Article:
1 April 2017
Sleek (Issue 53 p.78-82) (Germany)
Artists on politics. From investigations into urban poverty to assisting refugees in Greece and critiquing populism with cat GIFs, these six artists are kicking back against the status quo.
In a world increasingly dominated by right-wing populism, fake news and intolerance, it is not hyperbolic to suggest that art ignoring political upheaval feels irrelevant. SLEEK has therefore decided to compile a list of upcoming artists engaging with some of these threatening issues. Rather than a return to the satirical tone of the Eighties, they are searching for new modes of expression to address our modern context. Art may not be able to change the world materially, but the need for creative, intelligent forms of education and critical thinking is a cause worth fighting for.
There is a delightful sense of provocation in the work of London based duo Ali Eisa and Sebastian Lloyd Rees, aka Lloyd Corporation. Having met while studying at Goldsmiths, they began to create performances and sculptural installations that dig into the fabric of urban experience and inequality. Two years ago they moved away from object-based work. “We worried that [it] tried to distil a whole, wide ranging, very socially engaged and observation led conversation into discrete objects,” they explain. Their first performance was part of the Hayward Gallery’s “Mirrorcity” show, deploying street vendors as living statues. From setting up a knock-off handbag stall outside the VIP room of the last Frieze Art Fair, to a phonebook-style tome collating images of detritus from London streets, Lloyd Corporation’s work successfully addresses exploitative scenarios produced by capitalism. Forthcoming projects in Lisbon and Milan next year are inspired by ‘job lot’ auctions and online marketing scams. Their work has political aspects without any sense of the didactic. “We hope this work creates discussion, reflection and awareness, but we wouldn’t subscribe to such grand statements,” they say. carlosishikawa.com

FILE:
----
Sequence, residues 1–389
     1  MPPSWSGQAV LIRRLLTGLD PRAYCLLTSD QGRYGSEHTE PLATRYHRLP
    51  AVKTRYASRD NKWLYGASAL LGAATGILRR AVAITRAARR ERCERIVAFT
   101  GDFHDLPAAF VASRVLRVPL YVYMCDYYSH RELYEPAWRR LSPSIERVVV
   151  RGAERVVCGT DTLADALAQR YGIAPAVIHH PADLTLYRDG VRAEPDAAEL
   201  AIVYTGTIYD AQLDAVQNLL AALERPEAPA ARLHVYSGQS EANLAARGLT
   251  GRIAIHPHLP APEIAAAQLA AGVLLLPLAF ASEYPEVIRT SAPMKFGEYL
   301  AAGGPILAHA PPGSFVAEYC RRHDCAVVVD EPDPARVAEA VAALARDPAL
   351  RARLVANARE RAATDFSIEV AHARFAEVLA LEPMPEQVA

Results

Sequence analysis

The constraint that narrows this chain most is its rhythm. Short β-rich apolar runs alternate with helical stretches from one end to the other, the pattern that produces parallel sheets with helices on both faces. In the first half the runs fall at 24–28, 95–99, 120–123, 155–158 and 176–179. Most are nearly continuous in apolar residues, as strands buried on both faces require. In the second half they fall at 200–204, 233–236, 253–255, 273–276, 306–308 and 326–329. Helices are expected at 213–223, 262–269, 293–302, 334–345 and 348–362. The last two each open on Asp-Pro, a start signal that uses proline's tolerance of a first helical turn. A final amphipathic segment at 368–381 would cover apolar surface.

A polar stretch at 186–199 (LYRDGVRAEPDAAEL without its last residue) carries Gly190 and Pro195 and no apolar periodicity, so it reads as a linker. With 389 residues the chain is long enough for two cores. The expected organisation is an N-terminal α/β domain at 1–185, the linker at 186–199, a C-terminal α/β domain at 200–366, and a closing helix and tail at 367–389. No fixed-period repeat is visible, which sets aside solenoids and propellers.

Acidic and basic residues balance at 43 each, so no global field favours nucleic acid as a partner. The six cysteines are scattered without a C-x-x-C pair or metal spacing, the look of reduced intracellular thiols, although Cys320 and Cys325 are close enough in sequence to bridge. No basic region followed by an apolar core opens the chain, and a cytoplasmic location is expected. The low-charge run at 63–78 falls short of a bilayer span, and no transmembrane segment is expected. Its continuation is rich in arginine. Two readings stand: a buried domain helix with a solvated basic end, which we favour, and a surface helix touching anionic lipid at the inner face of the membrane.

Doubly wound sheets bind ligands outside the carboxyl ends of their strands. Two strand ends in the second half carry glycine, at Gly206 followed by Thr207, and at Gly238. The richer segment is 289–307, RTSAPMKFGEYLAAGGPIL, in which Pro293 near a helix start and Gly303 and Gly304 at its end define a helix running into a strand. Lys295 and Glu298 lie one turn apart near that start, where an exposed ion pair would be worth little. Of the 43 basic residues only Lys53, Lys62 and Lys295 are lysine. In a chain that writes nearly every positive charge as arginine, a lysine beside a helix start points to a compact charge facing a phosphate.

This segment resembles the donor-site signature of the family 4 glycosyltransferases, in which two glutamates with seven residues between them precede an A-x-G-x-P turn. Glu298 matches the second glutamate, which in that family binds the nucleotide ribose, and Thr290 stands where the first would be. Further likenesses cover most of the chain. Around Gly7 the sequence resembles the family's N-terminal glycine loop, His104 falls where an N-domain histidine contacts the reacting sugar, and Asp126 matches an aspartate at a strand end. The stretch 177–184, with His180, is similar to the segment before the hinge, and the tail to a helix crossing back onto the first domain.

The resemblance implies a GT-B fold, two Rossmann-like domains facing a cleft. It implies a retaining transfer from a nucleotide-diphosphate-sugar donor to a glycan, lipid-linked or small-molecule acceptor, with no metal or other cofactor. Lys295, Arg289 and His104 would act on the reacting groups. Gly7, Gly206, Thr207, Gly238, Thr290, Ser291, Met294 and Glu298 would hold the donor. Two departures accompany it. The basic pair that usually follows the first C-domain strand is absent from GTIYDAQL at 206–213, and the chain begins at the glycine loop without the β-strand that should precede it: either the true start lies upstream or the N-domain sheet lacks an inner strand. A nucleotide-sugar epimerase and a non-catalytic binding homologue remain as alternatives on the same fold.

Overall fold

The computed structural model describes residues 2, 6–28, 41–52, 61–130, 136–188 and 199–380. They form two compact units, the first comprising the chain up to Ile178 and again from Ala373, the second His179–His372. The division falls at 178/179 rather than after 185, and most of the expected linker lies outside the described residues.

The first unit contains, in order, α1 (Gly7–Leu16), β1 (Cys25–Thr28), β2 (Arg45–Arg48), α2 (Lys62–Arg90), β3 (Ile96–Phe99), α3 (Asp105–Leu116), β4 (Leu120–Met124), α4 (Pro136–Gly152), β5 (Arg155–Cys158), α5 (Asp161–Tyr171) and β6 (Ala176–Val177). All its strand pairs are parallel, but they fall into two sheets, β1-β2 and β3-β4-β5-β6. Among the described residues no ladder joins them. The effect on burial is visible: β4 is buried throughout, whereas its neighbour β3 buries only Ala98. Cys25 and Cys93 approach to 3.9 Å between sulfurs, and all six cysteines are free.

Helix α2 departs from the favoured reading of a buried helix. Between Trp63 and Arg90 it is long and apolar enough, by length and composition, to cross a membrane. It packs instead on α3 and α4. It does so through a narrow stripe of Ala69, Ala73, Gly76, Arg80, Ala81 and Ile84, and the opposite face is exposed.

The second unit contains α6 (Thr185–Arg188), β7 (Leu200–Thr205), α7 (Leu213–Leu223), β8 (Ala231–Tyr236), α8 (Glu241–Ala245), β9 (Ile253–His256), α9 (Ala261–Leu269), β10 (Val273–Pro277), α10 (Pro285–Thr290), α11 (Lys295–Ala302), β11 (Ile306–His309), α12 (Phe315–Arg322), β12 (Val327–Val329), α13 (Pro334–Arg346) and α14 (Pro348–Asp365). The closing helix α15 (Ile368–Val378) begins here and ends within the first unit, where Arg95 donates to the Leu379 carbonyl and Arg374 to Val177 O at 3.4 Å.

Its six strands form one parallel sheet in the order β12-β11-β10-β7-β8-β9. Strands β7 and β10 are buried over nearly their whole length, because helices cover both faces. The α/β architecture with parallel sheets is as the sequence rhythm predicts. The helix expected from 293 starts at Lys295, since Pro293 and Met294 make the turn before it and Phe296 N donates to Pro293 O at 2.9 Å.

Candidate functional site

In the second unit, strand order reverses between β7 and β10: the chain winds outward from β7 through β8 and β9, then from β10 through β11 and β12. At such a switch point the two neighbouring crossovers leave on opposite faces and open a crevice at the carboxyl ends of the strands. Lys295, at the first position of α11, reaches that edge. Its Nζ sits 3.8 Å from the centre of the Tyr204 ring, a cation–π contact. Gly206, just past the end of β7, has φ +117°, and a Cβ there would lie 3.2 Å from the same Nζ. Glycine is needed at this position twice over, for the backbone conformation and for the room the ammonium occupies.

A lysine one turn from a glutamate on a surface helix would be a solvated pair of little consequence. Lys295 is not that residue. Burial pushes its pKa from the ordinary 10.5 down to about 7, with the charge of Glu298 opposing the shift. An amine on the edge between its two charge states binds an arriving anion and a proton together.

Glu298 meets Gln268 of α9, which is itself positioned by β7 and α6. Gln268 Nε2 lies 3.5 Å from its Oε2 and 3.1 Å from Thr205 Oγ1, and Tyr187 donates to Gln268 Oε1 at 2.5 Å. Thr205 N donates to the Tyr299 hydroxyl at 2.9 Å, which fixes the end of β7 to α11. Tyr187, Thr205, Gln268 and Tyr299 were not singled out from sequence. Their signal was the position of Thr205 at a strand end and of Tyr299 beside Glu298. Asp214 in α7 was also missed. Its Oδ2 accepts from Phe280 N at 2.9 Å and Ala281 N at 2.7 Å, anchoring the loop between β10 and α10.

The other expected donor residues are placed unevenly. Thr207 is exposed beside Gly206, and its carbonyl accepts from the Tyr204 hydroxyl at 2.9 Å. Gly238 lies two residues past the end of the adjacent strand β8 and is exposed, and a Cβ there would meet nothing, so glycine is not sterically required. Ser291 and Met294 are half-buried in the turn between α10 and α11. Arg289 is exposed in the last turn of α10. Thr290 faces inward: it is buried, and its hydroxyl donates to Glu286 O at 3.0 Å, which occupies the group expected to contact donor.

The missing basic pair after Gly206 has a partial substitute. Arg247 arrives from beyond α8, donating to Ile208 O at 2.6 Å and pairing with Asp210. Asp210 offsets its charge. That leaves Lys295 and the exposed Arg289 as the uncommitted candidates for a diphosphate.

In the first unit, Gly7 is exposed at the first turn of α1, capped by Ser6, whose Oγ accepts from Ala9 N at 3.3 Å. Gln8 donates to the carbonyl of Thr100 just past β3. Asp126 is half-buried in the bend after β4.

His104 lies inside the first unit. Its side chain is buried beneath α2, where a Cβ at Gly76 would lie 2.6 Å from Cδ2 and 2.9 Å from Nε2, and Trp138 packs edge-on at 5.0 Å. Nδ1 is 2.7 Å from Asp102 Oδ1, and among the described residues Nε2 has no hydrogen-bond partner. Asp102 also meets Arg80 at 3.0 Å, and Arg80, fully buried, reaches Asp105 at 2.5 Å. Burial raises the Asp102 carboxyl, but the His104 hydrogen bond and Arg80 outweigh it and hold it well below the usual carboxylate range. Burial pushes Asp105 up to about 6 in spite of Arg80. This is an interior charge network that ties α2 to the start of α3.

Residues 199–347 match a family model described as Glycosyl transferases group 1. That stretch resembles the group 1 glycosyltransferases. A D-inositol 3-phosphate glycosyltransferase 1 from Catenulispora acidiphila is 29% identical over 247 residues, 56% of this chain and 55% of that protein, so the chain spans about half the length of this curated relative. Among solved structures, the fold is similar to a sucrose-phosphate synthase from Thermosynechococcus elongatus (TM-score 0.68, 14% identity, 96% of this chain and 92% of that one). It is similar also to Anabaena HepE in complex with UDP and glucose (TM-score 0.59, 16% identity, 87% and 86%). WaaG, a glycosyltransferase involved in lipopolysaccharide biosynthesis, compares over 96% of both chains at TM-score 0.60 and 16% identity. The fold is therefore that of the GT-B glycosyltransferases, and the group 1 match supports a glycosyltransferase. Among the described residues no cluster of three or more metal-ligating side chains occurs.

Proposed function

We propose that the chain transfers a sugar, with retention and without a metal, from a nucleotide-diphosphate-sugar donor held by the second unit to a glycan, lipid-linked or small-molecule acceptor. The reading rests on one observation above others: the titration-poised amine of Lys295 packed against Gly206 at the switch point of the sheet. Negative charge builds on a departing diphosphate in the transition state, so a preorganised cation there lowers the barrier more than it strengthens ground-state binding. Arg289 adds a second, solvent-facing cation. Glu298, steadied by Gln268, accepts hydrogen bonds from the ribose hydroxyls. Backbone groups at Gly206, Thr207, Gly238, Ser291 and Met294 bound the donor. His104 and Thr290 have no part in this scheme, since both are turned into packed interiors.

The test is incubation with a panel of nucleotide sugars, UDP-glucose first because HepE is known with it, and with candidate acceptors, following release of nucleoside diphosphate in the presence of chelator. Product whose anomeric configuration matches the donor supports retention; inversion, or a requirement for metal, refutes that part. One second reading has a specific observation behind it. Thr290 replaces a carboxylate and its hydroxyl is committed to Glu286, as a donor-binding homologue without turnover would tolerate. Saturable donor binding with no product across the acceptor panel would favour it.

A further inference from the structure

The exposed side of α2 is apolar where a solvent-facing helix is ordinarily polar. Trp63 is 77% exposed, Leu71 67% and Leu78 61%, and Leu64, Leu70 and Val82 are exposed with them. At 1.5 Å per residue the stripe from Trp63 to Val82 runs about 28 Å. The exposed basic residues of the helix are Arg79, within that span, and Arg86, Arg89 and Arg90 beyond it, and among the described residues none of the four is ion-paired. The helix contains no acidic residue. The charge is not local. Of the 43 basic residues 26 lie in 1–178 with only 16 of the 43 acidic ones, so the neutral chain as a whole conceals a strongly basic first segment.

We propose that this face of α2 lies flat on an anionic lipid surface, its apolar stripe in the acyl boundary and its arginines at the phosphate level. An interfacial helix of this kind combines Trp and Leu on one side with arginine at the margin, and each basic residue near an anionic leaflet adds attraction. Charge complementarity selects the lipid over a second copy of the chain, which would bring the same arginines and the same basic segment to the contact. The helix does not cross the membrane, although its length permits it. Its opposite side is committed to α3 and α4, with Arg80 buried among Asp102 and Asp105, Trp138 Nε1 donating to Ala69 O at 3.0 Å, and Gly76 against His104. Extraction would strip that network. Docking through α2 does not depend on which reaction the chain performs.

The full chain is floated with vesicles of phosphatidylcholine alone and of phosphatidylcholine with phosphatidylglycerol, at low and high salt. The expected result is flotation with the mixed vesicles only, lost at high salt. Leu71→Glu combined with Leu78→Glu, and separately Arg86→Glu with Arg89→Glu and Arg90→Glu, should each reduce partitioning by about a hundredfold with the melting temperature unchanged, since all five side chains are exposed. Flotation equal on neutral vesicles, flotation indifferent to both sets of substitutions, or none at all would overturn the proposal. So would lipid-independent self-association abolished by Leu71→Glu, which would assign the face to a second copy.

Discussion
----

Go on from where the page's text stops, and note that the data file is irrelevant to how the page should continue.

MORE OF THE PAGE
Basel Abbas & Ruanne Abou-Rahme
Basel Abbas & Ruanne Abou-Rahme met in Jerusalem as teenagers, but began working together in London. “We were searching not only for a new aesthetic language but also for a different language to think about the ‘political’,” they say. Their early experiments were with live video and sound, which they still explore under the name Tashweesh. The internet has a lingering presence in their work, which draws on everything from Middle Eastern media to the legacy of colonialism, creating a multiplicity of meanings. Moreover, the density of research and material in their output has fascinating results. “The unfolding of different threads and layers has become a major conceptual and formal component,” they note. This spills out into objects and performances, which echo the cacophony of the contemporary landscape. Their tumblr page, SAMPLES, has translated sculptural installations as well as video work and print pieces. Yet this goes beyond mere aesthetics. “A lot of fieldwork, such as interviews and conversations with people on the ground, keeps us engaged with the urgency of a certain moment, allowing us to articulate not just what we feel needs to be said and heard, but also what others feel.” The meaning of Abbas & Abou-Rahme’s work is never obvious. Instead it presents a language of crisis and disaster, media overload and undercurrents of resistance that suggest real – or unreal – narratives of modern life. baselandruanne.com